Currie Solutions is set to move out of the red, three years after the loss making logistics firm was purchased in a management buy-out, and despite having to battle its way through the impact of Brexit, the pandemic, the driver shortage crisis and global supply chain restrictions.

The Dumfries-headquartered group, which operates a fleet of 140 trucks and 360 trailers, has 10 UK depots as well as sites in France and the Netherlands and a number of trading partners in Germany and Italy.

It offers a one stop shop of solutions, including contract haulage, UK and Western Europe groupage services, warehousing, container import and export and customs services. The group also has membership of Palletline, Palletways and The Pallet Network.

Three years after its management buy-out, in January 2019, the company is forecasting a 51% rise in turnover this year, to around £75m, and is preparing to post a profit - the first time since 2015.

Speaking to Motor Transport, group MD Stephen Turner said it has taken time to turn the company around because it needed substantial investment and restructuring.

“It was clear that we’d have to go backwards before we could go forwards. A big part of that was about investing in our people and in the business, which wasn't going to come cheap. But it was necessary in order to get to where we are now,” he explained.

He added: “That aside, no one foresaw Covid, Brexit, the driver crisis, the fuel crisis and now the P&O ferry crisis. None of that was in our business plan. However we have ticked these challenges off, one by one, and navigated ourselves through each situation.”

The company began its turnaround with a raft of bold decisions, starting with a drive to recruit high calibre executives. This saw former Geodis directors Kevin Huskie and Shaun Greig join as managing director and commercial director respectively, followed by Christian Weber, a former Allport Cargo services director who is now MD of Currie European Transport BV.

The new recruits, combined with Currie’s long serving, highly experienced staff has created a dynamic team that is ever keen to drive the business forward, Turner said.

He added: “If there is one thing I have learnt in these three years it is to surround yourself with very talented people.”

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Just weeks after the MBO, Currie Solutions also hit the acquisition trail, snapping up PS Ridgway of Dundee and Move-It Express of Livingston, to strengthen its presence north of the border.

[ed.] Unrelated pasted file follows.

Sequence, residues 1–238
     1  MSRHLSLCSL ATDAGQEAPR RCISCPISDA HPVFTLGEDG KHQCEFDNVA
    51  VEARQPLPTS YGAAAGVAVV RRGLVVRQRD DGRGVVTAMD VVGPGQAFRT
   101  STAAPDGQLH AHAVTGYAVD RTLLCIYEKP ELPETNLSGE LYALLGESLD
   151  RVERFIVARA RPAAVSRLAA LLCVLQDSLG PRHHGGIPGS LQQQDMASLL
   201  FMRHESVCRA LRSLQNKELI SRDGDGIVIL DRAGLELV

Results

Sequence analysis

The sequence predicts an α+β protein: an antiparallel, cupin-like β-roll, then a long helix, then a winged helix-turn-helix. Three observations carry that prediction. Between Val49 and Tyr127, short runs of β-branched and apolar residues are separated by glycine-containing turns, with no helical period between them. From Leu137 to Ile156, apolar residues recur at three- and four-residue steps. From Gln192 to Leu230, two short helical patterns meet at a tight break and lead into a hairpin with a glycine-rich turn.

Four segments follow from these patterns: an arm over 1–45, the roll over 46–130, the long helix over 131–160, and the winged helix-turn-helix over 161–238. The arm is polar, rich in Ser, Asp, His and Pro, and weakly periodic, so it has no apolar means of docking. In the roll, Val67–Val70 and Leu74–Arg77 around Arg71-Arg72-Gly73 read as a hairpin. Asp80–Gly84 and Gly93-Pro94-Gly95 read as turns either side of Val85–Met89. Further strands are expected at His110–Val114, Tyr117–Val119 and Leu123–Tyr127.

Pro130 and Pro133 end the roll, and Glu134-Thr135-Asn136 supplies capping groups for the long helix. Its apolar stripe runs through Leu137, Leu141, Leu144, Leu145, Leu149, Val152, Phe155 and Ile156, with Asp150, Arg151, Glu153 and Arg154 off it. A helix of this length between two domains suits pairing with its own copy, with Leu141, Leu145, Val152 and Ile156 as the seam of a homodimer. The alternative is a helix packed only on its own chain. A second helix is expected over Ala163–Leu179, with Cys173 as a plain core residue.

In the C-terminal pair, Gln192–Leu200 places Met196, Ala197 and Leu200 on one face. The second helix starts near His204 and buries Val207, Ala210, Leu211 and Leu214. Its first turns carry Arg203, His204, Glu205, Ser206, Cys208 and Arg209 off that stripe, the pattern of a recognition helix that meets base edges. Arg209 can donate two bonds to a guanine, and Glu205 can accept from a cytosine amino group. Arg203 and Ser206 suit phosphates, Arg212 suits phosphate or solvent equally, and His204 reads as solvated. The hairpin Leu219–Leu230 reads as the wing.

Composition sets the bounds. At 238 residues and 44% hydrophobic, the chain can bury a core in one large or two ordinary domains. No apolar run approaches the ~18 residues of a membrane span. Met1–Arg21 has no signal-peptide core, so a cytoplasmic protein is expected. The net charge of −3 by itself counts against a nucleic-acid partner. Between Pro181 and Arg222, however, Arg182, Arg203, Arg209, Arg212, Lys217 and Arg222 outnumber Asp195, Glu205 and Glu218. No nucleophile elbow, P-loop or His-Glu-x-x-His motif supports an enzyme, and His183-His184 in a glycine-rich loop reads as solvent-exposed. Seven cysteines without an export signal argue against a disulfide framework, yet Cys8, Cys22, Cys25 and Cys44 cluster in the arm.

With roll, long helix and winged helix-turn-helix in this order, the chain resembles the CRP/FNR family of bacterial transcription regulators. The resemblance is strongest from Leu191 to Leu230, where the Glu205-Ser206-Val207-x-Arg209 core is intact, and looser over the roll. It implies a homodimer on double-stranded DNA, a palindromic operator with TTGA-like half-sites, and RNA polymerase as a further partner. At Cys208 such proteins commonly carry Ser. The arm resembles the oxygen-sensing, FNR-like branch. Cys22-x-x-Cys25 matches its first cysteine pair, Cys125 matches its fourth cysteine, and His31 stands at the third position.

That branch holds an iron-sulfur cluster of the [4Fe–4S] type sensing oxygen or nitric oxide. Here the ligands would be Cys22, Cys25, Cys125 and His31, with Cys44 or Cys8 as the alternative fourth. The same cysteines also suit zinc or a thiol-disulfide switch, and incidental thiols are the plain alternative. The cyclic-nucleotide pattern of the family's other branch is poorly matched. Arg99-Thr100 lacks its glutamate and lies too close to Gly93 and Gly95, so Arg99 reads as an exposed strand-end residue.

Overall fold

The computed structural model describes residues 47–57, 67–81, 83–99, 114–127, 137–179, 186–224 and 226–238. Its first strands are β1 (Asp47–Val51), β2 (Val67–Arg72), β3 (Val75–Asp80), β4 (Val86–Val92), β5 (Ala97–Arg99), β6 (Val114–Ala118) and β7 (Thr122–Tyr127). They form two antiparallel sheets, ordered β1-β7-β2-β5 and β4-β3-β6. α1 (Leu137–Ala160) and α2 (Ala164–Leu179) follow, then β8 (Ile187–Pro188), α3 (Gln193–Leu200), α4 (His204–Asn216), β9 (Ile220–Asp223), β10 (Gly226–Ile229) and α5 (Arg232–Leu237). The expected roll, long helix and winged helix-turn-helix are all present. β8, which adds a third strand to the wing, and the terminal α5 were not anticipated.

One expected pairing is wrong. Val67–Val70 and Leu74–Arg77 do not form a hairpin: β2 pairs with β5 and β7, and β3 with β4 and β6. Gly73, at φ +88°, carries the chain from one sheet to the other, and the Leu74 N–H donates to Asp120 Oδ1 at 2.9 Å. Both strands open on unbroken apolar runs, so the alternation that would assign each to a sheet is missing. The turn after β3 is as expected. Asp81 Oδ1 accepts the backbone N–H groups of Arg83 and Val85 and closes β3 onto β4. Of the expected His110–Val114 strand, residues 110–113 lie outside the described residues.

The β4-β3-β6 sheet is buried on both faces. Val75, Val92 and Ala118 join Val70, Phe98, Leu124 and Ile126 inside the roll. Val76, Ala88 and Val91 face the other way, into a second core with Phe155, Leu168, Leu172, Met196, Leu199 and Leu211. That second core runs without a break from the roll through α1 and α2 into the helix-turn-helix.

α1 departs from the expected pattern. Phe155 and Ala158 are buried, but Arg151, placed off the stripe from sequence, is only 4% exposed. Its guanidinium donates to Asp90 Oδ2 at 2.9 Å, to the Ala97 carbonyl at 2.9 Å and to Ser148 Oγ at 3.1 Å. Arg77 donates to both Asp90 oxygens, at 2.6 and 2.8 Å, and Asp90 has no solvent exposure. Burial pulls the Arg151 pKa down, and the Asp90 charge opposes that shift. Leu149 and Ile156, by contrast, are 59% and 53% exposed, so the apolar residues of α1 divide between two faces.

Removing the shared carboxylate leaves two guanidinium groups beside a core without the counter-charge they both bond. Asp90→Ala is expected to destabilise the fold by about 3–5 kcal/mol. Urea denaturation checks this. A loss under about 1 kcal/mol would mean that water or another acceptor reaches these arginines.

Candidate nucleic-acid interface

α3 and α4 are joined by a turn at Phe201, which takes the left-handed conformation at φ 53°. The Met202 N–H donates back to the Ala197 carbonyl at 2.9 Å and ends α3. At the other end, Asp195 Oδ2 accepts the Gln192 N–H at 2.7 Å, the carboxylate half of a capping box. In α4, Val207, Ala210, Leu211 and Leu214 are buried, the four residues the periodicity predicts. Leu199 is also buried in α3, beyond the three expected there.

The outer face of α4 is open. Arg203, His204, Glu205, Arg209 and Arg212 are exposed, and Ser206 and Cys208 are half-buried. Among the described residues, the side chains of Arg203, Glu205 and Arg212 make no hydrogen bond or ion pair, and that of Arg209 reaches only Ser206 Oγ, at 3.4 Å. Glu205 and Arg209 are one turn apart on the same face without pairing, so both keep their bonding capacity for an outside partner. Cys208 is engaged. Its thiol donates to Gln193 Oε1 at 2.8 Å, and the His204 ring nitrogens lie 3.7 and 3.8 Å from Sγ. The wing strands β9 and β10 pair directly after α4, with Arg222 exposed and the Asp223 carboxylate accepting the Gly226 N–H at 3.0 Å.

This was closely followed by the launched of its Air and Ocean division in July 2019, offering global air and freight services, which required further investment in high quality, experienced executives.

MD Kevin Huskie told MT: “We brought in guys from DB Schenker, Kuehne and Nagel and DVS – people probably thought we were crazy, we were already losing money, but we knew it would come good. And now we are seeing the results of that.”

The team also had to hold its nerve as the acquisitions and investments took their toll on the bottom line.

Huskie said: “The very first set of results we posted were negative but thankfully our reputation and that of Stephen’s saved us - that and the fact that we were very honest and transparent with our customers, who were very supportive.”

The purchase of Laser Transport International followed in June 2021, bringing a prime location in Kent, as well as new hubs in Coventry and Swindon and sites in Holland and France.

The purchase saw the group transfer its European groupage service into Laser Transport and open a new customs service within the subsidiary, which now employs 15 staff.

Huskie said: “Our offering in Laser is very special. The service is genuinely excellent, they have a really experienced team who really look after the customers and can do all the customs work - it has huge potential and we are growing that.”

In another bold move the company also decided to reduce its artic fleet by 25% and its trailer fleet by 15%, as the driver shortage crisis hit, enabling it to avoid having trucks parked up and to divest from high volume, low margin contracts, including much of its work with Amazon.

Turner said the move has paid off, with the group able to focus on its long term customers and target better quality, high margin contracts.

Looking back on its turnaround strategy, Turner said: “Following the MBO we set out a plan to be profitable after three years. We are only going to be a few months behind schedule on that, which is hugely encouraging, considering everything that we've had to endure along the way.

“I think that's a testament to our business plan and to the people in our business.”

He added: “When we started this evolution we wanted to be able to offer a one stop shop of services and that is exactly what we do now.”